“We’ve very often seen backlashes against these idols using merchandise to ‘rip off’ fans,” says Cherry Blossom Intercultural Branding founder Laurence Lim. “These brands are nothing serious and don’t have long-term planning; they are created to make short-term profits out of the short-living fame these idols have.”

The fluctuating popularity of celebrity founders — or worse, controversies involving them — can be another obstacle to brand development. Following Kanye West’s anti-Semetic remarks in October last year, Adidas terminated its partnership with the American rapper and discontinued its joint Yeezy line, stripping West of his billionaire title and incurring a net loss of $540 million in Q4 2022.

“Issues around a tainted celebrity make it challenging for any big business to back up or inject funds into these celebrity brands, because the person who makes it successful might very well become the reason it fails,” Lim adds. 

High-quality products, localized messaging keys to longevity 

Yet, with the right products and a dedicated fan base, it’s not impossible for tarnished brands to stage a comeback in China. Even when local starlet Fan Bingbing was fined for tax evasion in 2018 — limiting her acting projects and public exposure — her beauty brand Fan Beauty Secret managed to launch new products, rack up millions in sales during shopping festivals, and eventually reboot its social media accounts and e-commerce flagship stores in 2021.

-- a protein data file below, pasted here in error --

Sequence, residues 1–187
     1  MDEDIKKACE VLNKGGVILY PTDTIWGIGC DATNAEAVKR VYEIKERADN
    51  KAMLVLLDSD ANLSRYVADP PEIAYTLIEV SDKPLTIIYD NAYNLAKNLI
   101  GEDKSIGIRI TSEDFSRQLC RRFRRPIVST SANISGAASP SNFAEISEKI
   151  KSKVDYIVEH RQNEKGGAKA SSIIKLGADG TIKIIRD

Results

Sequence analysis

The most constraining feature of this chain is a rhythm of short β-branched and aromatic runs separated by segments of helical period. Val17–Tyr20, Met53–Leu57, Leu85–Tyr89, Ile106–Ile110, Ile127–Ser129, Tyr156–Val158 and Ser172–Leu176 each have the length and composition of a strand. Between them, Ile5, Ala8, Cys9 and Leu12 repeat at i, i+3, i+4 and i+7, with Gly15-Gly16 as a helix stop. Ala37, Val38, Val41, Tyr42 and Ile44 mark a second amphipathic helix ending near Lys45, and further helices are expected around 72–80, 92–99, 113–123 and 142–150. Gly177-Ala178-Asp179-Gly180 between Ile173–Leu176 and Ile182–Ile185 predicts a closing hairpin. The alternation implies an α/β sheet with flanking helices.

“Chinese consumers have become increasingly rational after the pandemic and focus more on quality than before. Providing stable, high-quality products is fundamental to the brand’s longevity,” Diliziya says.

In other words, celebrity brands must establish a distinct identity separate from their founders. 

“Encourage customer engagement through local strategies and personalized marketing initiatives, listen to feedback, and establish a sense of community around the brand to foster long-term relationships that extend beyond any individual celebrity,” Leitzes says.

The appetite for celebrity IP remains strong in China. Those that want to evolve beyond merchandise and become serious fashion and beauty players must ultimately turn fans of the celebrity entrepreneurs into fans of the brands themselves.


Fashion, Influencers, Market Analysis